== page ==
Clinical genres

TTO form


General practitioner


Type 1 diabetes



Source Text in English
This is a 39 year old gentleman of Spanish origin who speaks minimal English and is in a same gender relationship. He is a Type I diabetic for 11 years with poor compliance to insulin, admitted with plantar abscess and has had amputation to 4 toes in his left foot. He was seen by respiratory team with increased SOB, raised CRP with mild lymphopenia. Raised ALP and GGT. CT chest shows bilateral upper lobe confluent airspace shadowing. Cardiomegaly and bilateral effusion. ?Atypical pneumonia ?fungal. He was treated with iv taz, septrin and clarithromycin. CTPA: no PE.
Target Text in Spanish
Varón de 39 años de origen español que apenas habla inglés y mantiene una relación homosexual. Padece diabetes de tipo 1 desde hace 11 años con baja adhesión terapéutica a la insulina. Ingresado con absceso plantar. Amputación de 4 dedos del pie izquierdo. Examinado por el servicio de neumología con aumento de disnea, proteína C-reactiva elevada y linfopenia leve. FA y γ-GT elevadas. La TC de tórax muestra sombreado alveolar confluyente bilateral en los lóbulos superiores. Cardiomegalia y derrame pleural bilateral. ?Neumonía atípica ?fúngica. Se le administró piperacilina-tazobactam i.v., trimetoprim-sulfametoxazol y claritromicina. Angiografía pulmonar por TC: sin EP.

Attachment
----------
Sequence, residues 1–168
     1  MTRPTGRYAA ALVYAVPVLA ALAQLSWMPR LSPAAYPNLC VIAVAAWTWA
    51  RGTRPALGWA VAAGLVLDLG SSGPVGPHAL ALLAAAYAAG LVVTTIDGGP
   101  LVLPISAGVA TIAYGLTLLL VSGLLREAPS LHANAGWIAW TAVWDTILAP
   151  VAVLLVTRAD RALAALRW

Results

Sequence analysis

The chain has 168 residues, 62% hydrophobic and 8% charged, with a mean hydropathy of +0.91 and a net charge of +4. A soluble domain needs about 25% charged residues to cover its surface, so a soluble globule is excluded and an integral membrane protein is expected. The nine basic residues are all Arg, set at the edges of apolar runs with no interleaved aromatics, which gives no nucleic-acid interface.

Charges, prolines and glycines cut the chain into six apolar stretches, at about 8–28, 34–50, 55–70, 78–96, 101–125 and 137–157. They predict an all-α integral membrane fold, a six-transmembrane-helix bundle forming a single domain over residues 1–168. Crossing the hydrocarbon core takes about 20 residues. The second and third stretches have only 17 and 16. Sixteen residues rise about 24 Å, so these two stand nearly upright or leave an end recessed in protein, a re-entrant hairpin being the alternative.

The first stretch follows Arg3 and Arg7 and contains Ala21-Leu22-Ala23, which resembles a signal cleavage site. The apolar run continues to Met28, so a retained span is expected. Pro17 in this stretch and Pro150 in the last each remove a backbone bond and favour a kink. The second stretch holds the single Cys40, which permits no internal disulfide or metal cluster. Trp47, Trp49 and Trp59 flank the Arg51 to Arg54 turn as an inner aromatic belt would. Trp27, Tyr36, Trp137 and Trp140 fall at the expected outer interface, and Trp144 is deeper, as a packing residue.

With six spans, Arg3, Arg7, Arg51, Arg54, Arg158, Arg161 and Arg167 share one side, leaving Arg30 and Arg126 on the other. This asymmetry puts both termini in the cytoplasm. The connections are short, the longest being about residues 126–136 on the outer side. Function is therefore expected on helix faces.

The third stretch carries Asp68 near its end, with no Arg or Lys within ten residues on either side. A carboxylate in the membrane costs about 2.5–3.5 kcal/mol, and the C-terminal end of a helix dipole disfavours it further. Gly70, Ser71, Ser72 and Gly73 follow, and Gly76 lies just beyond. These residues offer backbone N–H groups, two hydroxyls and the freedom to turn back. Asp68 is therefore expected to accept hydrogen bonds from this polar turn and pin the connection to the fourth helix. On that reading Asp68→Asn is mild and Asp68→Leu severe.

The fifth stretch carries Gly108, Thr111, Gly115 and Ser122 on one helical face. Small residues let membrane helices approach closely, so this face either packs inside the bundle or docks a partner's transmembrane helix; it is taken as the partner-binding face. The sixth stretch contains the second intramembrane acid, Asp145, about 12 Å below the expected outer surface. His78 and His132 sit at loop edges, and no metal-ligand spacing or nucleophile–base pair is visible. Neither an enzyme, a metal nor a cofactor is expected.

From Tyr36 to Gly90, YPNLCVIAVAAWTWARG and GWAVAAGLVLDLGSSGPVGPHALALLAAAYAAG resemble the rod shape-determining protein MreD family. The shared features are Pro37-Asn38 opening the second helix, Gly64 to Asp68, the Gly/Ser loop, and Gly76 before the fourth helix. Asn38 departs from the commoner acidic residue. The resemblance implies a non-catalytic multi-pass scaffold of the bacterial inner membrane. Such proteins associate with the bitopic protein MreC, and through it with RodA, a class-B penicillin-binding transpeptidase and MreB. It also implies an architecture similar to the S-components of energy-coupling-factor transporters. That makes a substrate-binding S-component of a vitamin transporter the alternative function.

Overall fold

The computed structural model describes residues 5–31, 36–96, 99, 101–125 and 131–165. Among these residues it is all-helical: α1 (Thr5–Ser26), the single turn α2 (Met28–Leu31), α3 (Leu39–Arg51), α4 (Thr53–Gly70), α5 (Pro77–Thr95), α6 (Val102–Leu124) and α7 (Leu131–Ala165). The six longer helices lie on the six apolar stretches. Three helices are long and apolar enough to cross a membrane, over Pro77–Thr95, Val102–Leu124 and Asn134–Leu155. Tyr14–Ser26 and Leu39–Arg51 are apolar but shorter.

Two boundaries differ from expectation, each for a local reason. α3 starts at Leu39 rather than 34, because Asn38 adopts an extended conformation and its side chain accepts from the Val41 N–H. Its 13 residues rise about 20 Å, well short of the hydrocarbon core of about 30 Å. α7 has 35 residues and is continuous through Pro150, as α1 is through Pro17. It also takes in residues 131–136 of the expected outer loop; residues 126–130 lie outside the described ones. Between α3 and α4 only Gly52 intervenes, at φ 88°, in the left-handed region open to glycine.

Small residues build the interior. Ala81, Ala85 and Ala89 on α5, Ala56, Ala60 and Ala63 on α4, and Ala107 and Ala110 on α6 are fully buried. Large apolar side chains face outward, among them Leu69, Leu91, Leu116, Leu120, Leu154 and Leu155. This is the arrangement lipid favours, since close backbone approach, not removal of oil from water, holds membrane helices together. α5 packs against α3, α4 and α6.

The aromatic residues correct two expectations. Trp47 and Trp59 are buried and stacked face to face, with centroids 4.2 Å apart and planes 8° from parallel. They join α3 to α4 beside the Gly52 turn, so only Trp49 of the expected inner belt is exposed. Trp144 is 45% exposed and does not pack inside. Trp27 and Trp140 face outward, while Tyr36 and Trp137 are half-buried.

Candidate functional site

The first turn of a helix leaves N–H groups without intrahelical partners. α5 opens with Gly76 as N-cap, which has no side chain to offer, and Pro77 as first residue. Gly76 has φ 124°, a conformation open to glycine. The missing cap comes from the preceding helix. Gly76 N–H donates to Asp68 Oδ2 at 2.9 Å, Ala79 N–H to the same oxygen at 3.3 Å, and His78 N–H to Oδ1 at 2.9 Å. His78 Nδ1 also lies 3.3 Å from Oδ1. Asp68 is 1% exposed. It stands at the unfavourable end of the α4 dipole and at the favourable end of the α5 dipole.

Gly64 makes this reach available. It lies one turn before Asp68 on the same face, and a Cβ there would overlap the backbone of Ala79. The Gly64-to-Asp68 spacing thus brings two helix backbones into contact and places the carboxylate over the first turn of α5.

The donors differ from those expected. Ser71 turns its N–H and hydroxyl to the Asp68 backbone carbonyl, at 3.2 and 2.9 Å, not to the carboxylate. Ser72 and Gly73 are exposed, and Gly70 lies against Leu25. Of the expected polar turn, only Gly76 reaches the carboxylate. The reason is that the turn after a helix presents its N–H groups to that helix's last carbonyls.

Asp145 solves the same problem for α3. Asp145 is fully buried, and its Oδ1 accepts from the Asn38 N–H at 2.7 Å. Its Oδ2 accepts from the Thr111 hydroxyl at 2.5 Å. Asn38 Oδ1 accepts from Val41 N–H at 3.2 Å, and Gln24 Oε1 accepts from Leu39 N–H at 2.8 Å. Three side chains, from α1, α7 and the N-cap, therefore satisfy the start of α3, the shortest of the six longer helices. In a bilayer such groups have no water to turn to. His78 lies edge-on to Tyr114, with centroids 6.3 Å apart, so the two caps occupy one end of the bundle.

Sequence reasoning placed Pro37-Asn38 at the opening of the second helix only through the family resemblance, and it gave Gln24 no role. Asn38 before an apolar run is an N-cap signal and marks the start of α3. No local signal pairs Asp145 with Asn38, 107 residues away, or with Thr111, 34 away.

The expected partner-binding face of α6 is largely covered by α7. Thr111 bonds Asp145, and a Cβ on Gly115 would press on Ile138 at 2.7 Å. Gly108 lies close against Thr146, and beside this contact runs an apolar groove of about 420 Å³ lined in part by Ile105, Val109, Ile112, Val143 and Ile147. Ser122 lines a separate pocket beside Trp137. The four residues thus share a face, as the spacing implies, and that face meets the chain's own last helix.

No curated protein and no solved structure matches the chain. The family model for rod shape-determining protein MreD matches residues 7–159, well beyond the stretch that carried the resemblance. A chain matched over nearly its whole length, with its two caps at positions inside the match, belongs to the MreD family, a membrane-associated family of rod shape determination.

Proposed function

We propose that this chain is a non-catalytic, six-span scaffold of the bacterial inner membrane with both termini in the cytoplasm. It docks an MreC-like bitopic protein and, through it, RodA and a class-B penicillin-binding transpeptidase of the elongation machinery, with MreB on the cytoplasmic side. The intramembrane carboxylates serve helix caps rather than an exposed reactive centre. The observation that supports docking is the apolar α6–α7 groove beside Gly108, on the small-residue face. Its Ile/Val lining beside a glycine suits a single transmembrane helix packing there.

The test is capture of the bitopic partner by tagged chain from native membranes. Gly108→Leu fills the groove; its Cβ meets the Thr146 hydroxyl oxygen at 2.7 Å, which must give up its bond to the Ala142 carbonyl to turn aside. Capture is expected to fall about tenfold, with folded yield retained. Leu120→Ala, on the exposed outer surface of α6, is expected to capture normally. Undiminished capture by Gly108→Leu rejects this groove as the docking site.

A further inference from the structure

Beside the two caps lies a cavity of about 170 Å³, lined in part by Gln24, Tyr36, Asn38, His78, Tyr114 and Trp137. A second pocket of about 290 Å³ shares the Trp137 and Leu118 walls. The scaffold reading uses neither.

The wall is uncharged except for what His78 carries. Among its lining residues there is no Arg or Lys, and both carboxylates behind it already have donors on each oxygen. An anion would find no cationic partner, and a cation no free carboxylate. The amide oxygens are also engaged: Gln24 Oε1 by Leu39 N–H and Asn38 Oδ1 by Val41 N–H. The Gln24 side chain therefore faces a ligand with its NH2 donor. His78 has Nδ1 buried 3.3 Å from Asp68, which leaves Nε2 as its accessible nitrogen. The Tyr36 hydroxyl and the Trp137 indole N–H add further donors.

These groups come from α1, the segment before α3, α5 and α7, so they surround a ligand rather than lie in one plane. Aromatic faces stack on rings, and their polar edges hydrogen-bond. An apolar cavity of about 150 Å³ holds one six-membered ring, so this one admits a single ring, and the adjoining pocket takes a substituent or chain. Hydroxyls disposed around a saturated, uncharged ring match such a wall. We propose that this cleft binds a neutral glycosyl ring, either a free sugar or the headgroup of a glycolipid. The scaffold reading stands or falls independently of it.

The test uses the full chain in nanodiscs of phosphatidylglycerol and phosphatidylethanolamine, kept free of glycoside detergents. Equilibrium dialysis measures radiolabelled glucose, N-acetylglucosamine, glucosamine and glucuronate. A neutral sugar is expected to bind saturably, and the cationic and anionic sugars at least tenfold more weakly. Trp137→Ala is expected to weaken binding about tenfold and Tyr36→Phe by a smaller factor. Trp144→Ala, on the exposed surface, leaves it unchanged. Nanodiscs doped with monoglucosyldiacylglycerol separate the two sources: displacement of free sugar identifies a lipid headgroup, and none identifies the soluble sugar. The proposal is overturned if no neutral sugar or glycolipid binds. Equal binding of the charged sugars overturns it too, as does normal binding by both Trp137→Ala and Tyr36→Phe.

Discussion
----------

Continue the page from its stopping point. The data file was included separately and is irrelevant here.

Concise style

The clinical history summary in a discharge letter is a section characterised by a direct, objective and plain style. Brief and clear sentences have been used in both the original text and the translation. This helps summarise the patient’s current history, physical examination and complementary tests.

Acronyms and abbreviations

In communications among specialists it’s common to find an abundant use of acronyms and abbreviations which aren’t developed on their first occurrence. Although abbreviating repetitive terms enhances the reading flow, the translator must intervene to avoid abusive use of these mechanisms and seek the balance between fluency and transparency.

Drug names

The doctor who writes the clinical history often mixes the names of active ingredients and brands. Here, the author has used an abbreviated active ingredient name (taz), a brand name (Septrin) and an an unabbreviated active ingredient name (clarithromycin). Criteria have been unified in the translation.

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